The issues that clients can struggle with can last for years, but in some cases, a few sessions with a trained therapist can be truly beneficial.

One center that provides a variety of options for mental and emotional healing is the Defining Wellness Center. Our compassionate professionals can help clients understand and recognize signs of traumatic experiences and help build coping skills. Several treatment options are available.

Gender-Specific Programs

While some people prefer or don’t mind mixed-gender treatment options, others need treatment programs that are gender specific. Providing treatment by gender can provide a more effective option in many cases. For some clients, their comfort and ability to fully engage with treatment are enhanced in this type of environment. They feel a greater camaraderie in this type of group, so they feel more comfortable sharing their experiences.

One factor that encourages gender-specific therapies is the differential risk associated with issues that disproportionately impact women vs. men. For example, women may suffer greater income inequality, be more greatly burdened by needing to care for family members or face a risk of gender-based violence.

On the other hand, while women are more likely to be diagnosed with anxiety and depression, men are more likely to admit to substance use issues. They are also more likely to commit suicide.

Cognitive Behavioral Therapy (CBT)

This treatment modality has shown great value in treating everything from anxiety and depression to substance use disorders. The core principles of CBT include:
• Psychological issues are partly based on faulty thinking habits.
• They can also be based on unhelpful learned patterns of behavior.
• Individuals suffering from psychological challenges can find hope by working on developing better coping skills. This will help them relieve their symptoms.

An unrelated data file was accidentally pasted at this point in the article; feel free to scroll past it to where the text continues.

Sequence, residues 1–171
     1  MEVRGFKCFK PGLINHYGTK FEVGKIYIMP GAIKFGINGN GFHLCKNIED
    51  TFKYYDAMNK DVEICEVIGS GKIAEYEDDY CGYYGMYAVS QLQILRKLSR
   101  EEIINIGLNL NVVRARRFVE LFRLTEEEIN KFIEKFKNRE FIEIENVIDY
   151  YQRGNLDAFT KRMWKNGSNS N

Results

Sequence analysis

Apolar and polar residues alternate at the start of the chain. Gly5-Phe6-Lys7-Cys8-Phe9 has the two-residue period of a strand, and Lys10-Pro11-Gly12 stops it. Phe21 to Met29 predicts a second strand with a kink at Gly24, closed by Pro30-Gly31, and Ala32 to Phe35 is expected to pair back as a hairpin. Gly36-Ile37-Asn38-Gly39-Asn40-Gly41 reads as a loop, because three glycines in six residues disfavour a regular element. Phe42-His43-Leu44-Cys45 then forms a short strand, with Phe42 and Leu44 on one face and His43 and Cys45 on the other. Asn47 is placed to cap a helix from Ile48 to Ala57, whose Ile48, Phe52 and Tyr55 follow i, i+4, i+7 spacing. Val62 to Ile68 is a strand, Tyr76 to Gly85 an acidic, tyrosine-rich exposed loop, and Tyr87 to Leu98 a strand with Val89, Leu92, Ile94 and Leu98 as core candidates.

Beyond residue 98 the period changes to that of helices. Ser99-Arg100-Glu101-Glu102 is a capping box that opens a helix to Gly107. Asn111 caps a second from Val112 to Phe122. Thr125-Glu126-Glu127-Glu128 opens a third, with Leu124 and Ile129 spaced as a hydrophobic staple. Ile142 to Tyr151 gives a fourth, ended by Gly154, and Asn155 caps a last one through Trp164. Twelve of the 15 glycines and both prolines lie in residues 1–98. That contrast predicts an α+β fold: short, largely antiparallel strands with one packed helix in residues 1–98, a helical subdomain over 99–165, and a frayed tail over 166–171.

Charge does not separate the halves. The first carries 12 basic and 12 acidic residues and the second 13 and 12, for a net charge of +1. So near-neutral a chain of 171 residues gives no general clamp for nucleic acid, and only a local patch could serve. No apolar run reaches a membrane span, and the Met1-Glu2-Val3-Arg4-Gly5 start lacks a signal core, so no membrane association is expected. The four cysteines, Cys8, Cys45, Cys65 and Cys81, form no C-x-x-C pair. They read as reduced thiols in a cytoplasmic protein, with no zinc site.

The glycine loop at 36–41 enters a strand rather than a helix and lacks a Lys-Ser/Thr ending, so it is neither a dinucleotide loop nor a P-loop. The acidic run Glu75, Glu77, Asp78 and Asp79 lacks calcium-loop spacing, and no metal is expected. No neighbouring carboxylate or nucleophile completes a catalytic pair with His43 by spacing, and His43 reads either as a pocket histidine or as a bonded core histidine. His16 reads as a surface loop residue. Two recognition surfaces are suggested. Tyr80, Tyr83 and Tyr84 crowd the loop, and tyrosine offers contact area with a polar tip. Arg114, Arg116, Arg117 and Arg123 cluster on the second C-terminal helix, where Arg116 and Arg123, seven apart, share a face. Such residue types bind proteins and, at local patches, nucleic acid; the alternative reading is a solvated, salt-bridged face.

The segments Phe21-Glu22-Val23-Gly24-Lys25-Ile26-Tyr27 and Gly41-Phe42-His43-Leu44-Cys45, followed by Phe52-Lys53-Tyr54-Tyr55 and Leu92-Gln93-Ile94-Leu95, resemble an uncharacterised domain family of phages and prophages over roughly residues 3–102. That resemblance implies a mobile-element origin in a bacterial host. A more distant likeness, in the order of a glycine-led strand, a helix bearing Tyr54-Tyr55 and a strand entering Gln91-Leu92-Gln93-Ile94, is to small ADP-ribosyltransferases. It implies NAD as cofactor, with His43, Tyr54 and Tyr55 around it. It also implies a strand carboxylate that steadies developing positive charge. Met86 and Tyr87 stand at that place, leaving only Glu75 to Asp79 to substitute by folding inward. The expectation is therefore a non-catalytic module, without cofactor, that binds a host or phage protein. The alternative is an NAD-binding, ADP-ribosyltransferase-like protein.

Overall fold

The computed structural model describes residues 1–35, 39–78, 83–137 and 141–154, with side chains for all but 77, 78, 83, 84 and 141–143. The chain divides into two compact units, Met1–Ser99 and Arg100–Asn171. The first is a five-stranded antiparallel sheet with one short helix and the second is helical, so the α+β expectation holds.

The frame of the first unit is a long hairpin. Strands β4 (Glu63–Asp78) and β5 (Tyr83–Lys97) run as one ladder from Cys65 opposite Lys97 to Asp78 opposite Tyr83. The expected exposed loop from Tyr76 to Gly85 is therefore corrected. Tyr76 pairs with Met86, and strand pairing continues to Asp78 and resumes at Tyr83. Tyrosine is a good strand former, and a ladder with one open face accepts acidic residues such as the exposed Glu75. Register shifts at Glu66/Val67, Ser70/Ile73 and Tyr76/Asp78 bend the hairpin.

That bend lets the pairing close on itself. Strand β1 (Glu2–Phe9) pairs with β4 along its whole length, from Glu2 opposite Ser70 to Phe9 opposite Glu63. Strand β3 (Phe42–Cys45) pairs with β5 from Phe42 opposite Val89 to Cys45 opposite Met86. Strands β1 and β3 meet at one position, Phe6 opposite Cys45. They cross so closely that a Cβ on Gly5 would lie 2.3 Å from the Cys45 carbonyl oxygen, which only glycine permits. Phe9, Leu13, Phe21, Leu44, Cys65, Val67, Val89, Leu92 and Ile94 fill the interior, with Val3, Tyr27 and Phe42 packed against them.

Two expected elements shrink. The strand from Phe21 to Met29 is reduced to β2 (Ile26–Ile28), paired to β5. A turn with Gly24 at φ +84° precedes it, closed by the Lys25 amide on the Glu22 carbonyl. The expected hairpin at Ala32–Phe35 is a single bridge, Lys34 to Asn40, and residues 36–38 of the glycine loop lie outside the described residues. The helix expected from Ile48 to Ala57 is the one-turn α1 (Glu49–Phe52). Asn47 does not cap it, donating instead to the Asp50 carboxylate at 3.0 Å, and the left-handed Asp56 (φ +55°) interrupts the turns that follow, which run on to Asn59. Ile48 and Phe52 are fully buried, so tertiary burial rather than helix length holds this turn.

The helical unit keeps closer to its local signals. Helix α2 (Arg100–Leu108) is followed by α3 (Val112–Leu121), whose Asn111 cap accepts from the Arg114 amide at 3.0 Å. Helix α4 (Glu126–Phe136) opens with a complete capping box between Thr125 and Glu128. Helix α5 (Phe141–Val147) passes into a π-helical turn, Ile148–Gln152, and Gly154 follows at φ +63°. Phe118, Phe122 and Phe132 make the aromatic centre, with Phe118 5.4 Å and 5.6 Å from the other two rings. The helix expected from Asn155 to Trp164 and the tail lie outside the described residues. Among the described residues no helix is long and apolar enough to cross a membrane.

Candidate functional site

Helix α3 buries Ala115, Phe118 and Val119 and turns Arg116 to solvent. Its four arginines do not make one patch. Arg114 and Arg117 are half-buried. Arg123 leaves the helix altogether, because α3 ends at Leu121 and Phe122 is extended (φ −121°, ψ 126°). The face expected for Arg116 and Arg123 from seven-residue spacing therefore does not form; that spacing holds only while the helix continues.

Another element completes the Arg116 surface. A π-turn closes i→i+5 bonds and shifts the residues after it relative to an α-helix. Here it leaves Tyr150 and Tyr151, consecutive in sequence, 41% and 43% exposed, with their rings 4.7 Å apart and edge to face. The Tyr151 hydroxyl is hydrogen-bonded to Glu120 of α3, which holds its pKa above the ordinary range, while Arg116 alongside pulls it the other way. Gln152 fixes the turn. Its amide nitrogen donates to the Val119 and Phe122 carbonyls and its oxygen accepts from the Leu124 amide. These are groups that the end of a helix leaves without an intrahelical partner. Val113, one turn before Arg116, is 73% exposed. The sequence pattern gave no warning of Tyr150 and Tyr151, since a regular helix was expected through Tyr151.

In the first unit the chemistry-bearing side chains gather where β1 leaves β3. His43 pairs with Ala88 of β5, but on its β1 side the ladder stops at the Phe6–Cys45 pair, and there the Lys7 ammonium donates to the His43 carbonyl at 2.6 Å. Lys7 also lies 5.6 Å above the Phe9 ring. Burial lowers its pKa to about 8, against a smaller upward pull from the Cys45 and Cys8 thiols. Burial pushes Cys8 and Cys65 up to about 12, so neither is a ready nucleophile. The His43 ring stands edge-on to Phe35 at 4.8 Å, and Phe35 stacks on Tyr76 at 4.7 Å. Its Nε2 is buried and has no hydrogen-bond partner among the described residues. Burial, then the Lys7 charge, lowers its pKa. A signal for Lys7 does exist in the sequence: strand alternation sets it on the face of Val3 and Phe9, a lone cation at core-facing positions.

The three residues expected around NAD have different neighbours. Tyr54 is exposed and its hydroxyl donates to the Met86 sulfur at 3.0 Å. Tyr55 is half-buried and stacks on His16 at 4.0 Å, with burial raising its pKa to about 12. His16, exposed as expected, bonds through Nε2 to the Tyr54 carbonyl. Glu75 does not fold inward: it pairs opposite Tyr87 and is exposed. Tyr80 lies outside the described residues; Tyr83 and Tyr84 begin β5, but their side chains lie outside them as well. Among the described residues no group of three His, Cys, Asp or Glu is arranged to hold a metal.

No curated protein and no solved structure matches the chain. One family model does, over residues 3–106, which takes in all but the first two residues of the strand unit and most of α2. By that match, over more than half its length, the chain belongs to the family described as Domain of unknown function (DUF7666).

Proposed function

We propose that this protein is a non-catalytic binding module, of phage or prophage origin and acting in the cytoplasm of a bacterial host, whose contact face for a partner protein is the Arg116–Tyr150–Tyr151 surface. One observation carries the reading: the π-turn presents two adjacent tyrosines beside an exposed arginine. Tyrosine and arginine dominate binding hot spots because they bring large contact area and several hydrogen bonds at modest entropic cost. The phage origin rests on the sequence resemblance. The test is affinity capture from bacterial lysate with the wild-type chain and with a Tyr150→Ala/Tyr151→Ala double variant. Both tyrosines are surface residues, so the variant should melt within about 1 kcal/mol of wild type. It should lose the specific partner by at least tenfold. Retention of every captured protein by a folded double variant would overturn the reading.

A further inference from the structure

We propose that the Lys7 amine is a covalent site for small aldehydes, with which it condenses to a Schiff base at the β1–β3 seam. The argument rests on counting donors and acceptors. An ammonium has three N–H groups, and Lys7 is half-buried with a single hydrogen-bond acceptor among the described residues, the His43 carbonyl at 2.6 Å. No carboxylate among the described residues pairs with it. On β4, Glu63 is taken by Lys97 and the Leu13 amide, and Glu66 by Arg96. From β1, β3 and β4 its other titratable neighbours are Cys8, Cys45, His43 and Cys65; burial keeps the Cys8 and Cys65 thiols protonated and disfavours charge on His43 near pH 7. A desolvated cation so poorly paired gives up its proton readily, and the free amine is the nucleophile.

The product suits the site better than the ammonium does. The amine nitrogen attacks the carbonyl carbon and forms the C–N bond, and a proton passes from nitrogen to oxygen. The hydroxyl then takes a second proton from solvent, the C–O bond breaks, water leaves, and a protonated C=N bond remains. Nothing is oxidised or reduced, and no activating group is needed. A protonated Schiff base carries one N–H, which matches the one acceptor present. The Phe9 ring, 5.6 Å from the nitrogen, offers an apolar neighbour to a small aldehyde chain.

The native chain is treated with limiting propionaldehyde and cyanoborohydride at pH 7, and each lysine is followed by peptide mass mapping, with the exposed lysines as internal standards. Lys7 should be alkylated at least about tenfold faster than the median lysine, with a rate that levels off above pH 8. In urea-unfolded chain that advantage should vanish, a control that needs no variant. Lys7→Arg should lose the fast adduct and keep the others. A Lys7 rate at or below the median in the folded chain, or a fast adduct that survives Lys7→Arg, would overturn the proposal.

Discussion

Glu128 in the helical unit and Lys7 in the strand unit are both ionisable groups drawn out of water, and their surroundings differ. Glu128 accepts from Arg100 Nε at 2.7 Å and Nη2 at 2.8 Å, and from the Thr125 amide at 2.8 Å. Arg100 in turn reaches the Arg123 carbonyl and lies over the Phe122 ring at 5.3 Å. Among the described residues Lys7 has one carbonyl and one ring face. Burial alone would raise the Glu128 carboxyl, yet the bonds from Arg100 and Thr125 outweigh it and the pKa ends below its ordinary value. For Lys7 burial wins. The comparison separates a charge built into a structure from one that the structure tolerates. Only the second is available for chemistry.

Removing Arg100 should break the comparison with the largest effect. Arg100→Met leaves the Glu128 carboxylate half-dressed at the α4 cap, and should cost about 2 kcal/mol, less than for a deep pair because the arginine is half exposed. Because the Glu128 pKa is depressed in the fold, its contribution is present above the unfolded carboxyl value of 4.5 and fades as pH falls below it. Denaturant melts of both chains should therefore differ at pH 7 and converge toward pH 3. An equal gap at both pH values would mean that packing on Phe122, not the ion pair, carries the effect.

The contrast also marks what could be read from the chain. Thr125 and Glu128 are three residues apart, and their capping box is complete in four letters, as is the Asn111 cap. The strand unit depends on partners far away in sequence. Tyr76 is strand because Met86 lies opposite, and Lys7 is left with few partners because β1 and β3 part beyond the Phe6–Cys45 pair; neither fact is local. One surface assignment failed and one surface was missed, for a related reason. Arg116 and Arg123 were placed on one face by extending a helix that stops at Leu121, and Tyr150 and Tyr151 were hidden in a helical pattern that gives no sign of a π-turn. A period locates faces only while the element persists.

CBT allows clients to change harmful thoughts into more useful and realistic ones. It can involve confronting fears, utilizing mindfulness and relaxation techniques, and finding alternative strategies via role-play to find better solutions to problematic situations.

Dialectical Behavioral Therapy (DBT)

Mindfulness is the core of Dialectical Behavioral Therapy. The focus is on being fully aware and present, and on regulating emotions consciously. Because DBT is strongly reliant on in-the-moment coaching, it works well in inpatient settings.

Group Therapy

Many individuals have found group therapy to be a valuable tool for increased mental and emotional health. Most clients actually enjoy their sessions. It provides a safe setting to share thoughts and feelings with other individuals who struggle with similar problems.

Advantages of group therapy include offering insights into thoughts, feelings, and behaviors. It allows individuals to develop problem-solving skills with fellow clients and to develop ways to resolve conflict and gain a sense of community.

Individual Therapy

Individual therapy allows the focus to be on you. Your counselor provides deeply personal and often intense guidance. They can help you work through your pain. This includes a wide array of mental health conditions including anxiety, depression and substance use disorders.

Dual Diagnosis

This is a useful option for many individuals who have two or more mental health conditions. In many cases, substance use disorder is a factor. Typically, in these instances, your team may include a psychiatrist, a therapist, a nurse and an addiction specialist.

Fitness and Nutrition

Nutritional deficiencies need to be addressed since they often correlate with issues of mental health. Healthy exercise boosts clients’ energy and endurance and helps them sleep better. Both are important to help clients recover.

As you can see, Defining Wellness Centers, offers a great deal of support that can help provide older people with the options they need to feel confident as they move forward with their lives. Feel free to contact our caring professionals for more information on how these programs can help you achieve emotional well-being.